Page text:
A set of study models were generated to be used for a diagnostic wax-up of both maxillary central incisors allowing for a predictable and precise placement of the incisal edges for the definitive restoration. In this case a palatal putty matrix was made of the diagnostic waxup precisely capturing the “incisal facial line angles” of teeth #8, 9 which were used later to establish the incisal edge thickness and lingual boundaries of the restorations. Another way to fabricate a lingual matrix is with Template (Clinician’s Choice) which offers a faster setting time, increased accuracy and can be directly applied from the impression gun.

Biofilm Removal and Shade Selection

The patient returned for treatment 2 weeks after having his teeth whitened and was anesthetized. An OptraGate (Ivoclar) retraction device was placed followed by having both #8, 9 pumiced with a prophy cup and treated with rotating abrasive discs in order to remove any biofilm or aprismatic enamel from the teeth being treated. It was critical to maintain hydration of the natural teeth to ensure the accurate evaluation of the proper shade of composite to use in this case. A custom composite mockup was done over the hydrated teeth in order to determine the correct “composite shade recipe” along with black and white photos to determine the value. (FIG. 3 and 4)

Custom composite mock-up approaching anterior tooth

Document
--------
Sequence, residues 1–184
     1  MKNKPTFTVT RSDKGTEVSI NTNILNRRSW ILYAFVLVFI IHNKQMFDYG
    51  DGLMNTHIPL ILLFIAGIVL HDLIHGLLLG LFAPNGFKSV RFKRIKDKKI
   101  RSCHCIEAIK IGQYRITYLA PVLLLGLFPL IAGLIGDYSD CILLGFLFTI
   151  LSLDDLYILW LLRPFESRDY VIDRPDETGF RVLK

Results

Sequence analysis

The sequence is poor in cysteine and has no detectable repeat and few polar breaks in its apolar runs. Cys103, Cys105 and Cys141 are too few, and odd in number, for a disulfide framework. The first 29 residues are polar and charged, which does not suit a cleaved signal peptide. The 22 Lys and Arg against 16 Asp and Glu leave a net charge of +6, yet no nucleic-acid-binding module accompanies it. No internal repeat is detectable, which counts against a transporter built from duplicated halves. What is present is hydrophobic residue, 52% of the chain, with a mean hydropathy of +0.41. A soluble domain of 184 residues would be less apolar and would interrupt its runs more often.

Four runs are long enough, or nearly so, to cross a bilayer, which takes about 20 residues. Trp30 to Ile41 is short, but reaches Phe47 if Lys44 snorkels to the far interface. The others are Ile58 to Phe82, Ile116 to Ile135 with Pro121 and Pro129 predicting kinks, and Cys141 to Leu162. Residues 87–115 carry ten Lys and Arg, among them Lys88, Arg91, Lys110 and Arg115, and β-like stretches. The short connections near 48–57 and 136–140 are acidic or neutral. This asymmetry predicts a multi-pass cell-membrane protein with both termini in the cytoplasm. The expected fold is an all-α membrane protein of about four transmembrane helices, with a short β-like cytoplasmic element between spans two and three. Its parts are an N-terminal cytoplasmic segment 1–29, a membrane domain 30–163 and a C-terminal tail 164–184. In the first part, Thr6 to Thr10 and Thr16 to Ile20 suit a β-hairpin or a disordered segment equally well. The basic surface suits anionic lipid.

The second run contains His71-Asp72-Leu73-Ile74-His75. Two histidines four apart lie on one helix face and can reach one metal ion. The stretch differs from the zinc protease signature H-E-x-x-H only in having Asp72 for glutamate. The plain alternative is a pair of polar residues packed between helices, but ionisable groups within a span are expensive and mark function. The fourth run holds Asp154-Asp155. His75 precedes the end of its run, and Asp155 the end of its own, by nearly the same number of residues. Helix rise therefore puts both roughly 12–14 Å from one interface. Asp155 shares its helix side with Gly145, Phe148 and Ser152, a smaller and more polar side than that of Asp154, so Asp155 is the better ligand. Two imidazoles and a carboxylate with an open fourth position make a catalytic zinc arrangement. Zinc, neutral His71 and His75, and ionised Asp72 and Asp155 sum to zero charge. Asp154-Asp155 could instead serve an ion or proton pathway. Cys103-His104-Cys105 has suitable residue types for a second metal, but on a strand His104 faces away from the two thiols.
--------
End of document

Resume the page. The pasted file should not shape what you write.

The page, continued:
Black and white picture of composite mockup placed

The shade recipe was determined to be:

  • Evanesce Enamel White- 70% opacity (a non-vita translucent shade)
  • Evanesce Silk shade A1UX- 85% Universal opacity
  • Evanesce B1 Enamel- 80% opacity

These Evanesce composites were chosen for their ability to hide the fracture line along with their excellent handling, optical and esthetic properties. The Evanesce nano-hybrid restorative blends into natural tooth structure with ease and the two viscosity options allow me to restore virtually any dental situation that requires a direct composite solution.

The existing composite restorations on teeth #8, 9 were completely removed. (FIG. 5)

Anterior teeth with previous composite restorations removed

A 45 degree bevel (2-2.5 mm wide) was placed at the fracture and an infinity starburst bevel (5-6 mm wide) was placed. Often clinicians underestimate the length of bevel needed to fully hide a composite margin. (FIG. 6 and 7)

Skinny bur touching anterior tooth
Skinny bur touching anterior tooth

The teeth were then etched with Ultra-Etch (Ultradent), a 35% phosphoric acid for 15 seconds followed by application of a light cured bonding adhesive, MPa Max (Clinician’s Choice).

The lingual putty or Template matrix of the diagnostic wax-up was then placed over the prepared teeth and an explorer was used to gently score the matrix to aid in the placement location of the initial composite lingual shelf using Evanesce FX Enamel White composite. (FIG. 8) It’s important to limit the thickness of this initial lingual shelf to 0.5mm. If this layer is too thick you may not be able to place sufficient thicknesses of the subsequent dentin and enamel layers. This FX Enamel White layer was placed on both maxillary central incisors and was polymerized simultaneously. (FIG. 9)